James Curtis (1914–2005)

James CurtisOn July 16, 2005, Dr. James F. Curtis passed away at the age of 91 in Missoula, Montana. Dr. Curtis was a professor emeritus of The University of Iowa. Throughout his professional life, he was one of the most highly regarded university professor/scientists in the field of communication sciences and disorders. He was a first rate scholar, an excellent and demanding teacher, and a mentor and friend to the students he taught and to his professional colleagues.

Professor Curtis was born on a farm near Charles City, Iowa. He received a B.A. degree from Iowa State Teachers College (now the University of Northern Iowa) in Cedar Falls in 1935. He did his graduate work in speech pathology and audiology at The University of Iowa and received a Ph.D. in 1942. During World War II he worked for the U.S. Army Signal Corps and the Army Air Corps, doing research on speech perception at the Harvard Psychoacoustic Laboratories with scientist S.S. Stevens.

After the war, Dr. Curtis joined the faculty at The University of Iowa. When the Department of Speech Pathology and Audiology was formed in 1956, he was selected as its first chairman and he served in that role for 12 years. Under his leadership, the department achieved its status of a world-class program dedicated to excellence in teaching and research. He played a major role in the consolidation of the department and the clinic and in the plans for the Wendell Johnson Speech & Hearing Center. He retired from The University of Iowa in 1979.

Professor Curtis is best known for his love of teaching and his dedication to helping students do research. Throughout his career at Iowa, he played a major role in the training of a generation of speech scientists who have gone on to be the leaders in the field. His dedication to student research did not end with his retirement from The University of Iowa. Over the years, he made generous contributions to a fund in his name at the University of Iowa Foundation, the purpose of which is the support of student research. His mentorship did not just extend to his students, but also to his many colleagues on the faculty. He set the standard of how to be a serious scientist and a fine teacher. He was never shy to provide insightful critiques to ensure that the end product would be the best. No matter how critical his comments might have been, they were always taken as tokens of his genuine interest and concern.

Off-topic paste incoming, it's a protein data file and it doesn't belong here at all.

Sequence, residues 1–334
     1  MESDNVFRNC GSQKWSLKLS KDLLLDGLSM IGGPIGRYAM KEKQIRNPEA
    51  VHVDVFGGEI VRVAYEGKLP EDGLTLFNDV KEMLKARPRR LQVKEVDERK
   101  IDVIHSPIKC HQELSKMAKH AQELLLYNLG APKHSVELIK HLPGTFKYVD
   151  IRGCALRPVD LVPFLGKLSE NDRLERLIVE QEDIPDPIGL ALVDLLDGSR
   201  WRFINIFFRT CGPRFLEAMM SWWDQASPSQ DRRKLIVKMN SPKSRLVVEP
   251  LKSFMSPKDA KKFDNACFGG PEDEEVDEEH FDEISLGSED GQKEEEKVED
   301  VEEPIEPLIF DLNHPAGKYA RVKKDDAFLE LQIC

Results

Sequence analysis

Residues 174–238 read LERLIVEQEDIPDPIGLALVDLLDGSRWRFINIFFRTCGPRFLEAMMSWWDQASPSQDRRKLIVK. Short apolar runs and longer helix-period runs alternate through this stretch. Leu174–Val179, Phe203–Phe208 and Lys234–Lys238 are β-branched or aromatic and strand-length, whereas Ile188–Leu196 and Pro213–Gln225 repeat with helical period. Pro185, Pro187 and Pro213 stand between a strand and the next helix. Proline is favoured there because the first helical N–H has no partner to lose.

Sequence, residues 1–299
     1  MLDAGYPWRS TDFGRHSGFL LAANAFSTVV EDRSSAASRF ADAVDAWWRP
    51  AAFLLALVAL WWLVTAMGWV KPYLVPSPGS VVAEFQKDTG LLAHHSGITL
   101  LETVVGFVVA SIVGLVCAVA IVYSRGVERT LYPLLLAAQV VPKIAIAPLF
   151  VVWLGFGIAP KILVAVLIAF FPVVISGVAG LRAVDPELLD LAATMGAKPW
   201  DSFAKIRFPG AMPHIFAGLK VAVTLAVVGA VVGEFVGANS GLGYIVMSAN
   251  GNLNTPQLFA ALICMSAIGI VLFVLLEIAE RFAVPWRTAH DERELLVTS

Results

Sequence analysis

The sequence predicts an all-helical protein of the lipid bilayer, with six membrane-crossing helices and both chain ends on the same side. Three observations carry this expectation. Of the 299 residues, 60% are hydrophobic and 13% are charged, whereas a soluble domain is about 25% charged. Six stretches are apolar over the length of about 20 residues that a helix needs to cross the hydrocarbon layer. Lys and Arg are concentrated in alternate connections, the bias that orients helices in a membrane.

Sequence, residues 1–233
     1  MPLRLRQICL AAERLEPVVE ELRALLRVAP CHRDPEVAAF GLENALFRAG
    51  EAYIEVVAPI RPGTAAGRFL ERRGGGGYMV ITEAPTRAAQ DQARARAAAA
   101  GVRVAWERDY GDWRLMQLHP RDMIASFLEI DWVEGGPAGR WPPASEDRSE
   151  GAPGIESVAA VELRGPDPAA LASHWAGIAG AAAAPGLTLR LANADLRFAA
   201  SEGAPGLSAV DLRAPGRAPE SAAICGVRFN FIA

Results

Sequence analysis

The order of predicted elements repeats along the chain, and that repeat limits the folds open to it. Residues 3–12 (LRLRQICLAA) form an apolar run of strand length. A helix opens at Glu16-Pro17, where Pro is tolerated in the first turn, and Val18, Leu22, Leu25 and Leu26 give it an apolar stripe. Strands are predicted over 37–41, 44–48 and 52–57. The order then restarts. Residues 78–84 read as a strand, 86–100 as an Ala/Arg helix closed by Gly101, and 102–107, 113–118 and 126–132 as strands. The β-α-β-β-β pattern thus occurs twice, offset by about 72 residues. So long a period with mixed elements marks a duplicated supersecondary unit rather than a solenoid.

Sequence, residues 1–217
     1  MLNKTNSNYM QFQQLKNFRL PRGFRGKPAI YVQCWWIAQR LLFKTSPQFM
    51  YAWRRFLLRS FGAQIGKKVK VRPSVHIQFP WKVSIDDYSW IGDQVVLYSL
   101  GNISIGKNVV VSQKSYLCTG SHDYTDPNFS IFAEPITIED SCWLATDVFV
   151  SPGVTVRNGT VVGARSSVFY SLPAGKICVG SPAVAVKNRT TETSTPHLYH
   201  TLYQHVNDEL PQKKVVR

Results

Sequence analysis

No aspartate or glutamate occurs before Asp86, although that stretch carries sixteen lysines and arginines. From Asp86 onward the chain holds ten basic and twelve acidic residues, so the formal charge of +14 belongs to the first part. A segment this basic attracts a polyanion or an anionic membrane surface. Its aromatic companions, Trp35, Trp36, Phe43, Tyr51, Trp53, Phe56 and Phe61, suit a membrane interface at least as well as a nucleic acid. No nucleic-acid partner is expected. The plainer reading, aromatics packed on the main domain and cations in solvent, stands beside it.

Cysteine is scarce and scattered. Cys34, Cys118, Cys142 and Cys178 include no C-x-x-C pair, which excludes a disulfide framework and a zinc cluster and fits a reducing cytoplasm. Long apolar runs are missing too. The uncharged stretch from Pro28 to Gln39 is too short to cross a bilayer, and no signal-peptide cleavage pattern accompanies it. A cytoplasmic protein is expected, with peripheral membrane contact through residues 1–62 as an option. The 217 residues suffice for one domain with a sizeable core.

Dr. Curtis served as president of the American Speech-Language-Hearing Association (ASHA). He was an advocate for the funding of research and doctoral training in communication sciences and disorders with the National Institutes of Health. He received many honors for his contributions to the profession, including the Honors of ASHA and the International Phonetics Society, fellowship in the Acoustical Society of America, and the distinguished alumnus awards from The University of Iowa and the University of Northern Iowa.

Professor Curtis had interests that ranged beyond the classroom and the laboratory and he made sure to include his students and colleagues in those interests. He had a great love of the outdoors and successfully instilled that love in anyone who worked with him. He showed all too many overly serious folks that one should savor life and have a little fun as well. After he retired from The University of Iowa, he was able to devote his considerable energy and talents to the Sierra Club and Wilderness Watch. With fervor and intensity, he instilled in those who knew him a keen appreciation of the fragility of our environment and of our collective responsibility to protect it for generations to come.

Professor Curtis accomplished what he set out to do. He trained a generation of scientists who have made significant contributions to our understanding of communication sciences and disorders. He made regular visits back to Iowa City to catch up on the latest developments in the department. He may have retired in 1979 but he continued to take responsibility for the future health of the department and the profession. He will be missed, though his influence on future generations will endure.